Install and configure Dovecot on CentOS

  • Last updated on: 2018-10-29
  • Authored by: Lee Jelley

If you have installed the Postfix mail server to operate as the Simple Mail Transfer Protocol (SMTP) service on an email server, you might still need a way to retrieve the incoming mail from the server.

This article shows you how to install and configure Dovecot, an open-source Internet Message Access Protocol (IMAP) and Post Office Protocol version 3 (POP3) server application designed specifically for Linux® and UNIX® operating systems. Dovecot retrieves emails from Postfix and delivers them to the relevant mailbox on the server.

You can get your mail through Dovecot by using either the POP3 or the IMAP protocol.

Prerequisites

You need the following operating system and software to use Dovecot:

  • A CentOS® 6.0 or later Linux distribution
  • Postfix

Install Dovecot

Download and install the Dovecot package by running the following command:

$ sudo yum install dovecot

Configure Dovecot

After you install Dovecot, you need to configure the services in the configuration file at /etc/dovecot/dovecot.conf. This example uses the nano text editor, but you can use any text editor that you want.

  1. Use the following command to open the file in nano:

    $ sudo nano /etc/dovecot/dovecot.conf
    
  2. Uncomment the following lines in the file and, if necessary, change them to reflect your plans for the environment:

    protocols = imap pop3
    mail_location =  maildir:~/Maildir
    

    These lines contain the following parameters:

    • protocols: The protocols through which users can access their email
    • mail_location: The format and the location of each user’s mailbox

Configure the authentication process file

Next you need to configure the authentication process file, which is located at /etc/dovecot/conf.d/10-auth.conf.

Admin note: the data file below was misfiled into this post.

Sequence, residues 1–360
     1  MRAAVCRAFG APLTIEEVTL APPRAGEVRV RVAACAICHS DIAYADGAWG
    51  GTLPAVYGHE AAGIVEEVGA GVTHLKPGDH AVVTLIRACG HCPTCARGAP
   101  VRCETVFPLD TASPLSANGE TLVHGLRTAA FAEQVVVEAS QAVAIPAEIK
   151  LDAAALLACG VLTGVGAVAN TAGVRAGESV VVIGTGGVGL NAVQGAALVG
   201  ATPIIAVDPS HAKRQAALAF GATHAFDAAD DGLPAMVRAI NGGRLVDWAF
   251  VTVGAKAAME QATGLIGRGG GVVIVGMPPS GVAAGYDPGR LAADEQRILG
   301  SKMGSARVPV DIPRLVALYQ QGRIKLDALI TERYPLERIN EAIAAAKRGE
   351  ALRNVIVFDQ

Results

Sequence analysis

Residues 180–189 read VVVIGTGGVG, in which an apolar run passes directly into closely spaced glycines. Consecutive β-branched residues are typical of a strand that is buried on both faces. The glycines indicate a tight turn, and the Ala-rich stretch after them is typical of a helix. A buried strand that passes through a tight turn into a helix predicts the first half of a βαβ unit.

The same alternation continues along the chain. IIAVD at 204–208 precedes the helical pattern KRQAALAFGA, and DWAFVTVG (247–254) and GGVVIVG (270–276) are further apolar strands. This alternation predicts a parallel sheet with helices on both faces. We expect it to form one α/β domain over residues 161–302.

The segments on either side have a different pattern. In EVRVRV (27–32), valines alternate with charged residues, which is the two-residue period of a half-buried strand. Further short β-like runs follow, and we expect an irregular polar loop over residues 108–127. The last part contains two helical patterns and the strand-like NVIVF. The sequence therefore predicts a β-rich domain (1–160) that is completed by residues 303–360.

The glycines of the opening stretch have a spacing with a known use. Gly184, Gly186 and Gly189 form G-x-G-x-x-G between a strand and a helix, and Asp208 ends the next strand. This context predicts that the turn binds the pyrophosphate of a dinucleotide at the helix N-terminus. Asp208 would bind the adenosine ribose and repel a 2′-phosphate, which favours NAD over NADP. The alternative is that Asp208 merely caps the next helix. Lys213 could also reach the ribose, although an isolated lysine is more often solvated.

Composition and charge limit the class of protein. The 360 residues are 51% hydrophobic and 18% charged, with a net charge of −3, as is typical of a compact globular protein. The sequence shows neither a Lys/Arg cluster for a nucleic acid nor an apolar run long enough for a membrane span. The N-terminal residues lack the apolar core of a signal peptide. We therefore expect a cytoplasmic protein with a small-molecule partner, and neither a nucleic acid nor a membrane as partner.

1. Use the following command to open the file in nano:

    $ sudo nano /etc/dovecot/conf.d/10-auth.conf
    
  2. Uncomment the following line in the file and, if necessary, change them to reflect your plans for your environment:

    auth_mechanisms = plain login
    

    The auth_mechanisms parameter specifies the method that the email client uses to authenticate with Dovecot.

Configure the mail location

You can set the location for your mail by editing the configuration file at /etc/dovecot/conf.d/10-mail.conf.

  1. Use the following command to open the file in nano:

    sudo nano /etc/dovecot/conf.d/10-mail.conf
    
  2. Either add or uncomment the following line in the configuration file:

    mail_location = maildir:~/Maildir
    

Configure Postfix SMTP authentication

Next you need to configure the UNIX socket for Postfix SMTP authentication (SMTP AUTH). The file that you need to change is located at /etc/dovecot/conf.d/10-master.conf.

  1. Use the following command to open the file in nano:

    sudo nano /etc/dovecot/conf.d/10-master.conf
    
  2. Comment out the following lines:

     #unix_listener auth-userdb {
         #mode = 0600
         #user =
         #group =
       #}
    
  3. In the same file, edit the following lines:

     # Postfix smtp-auth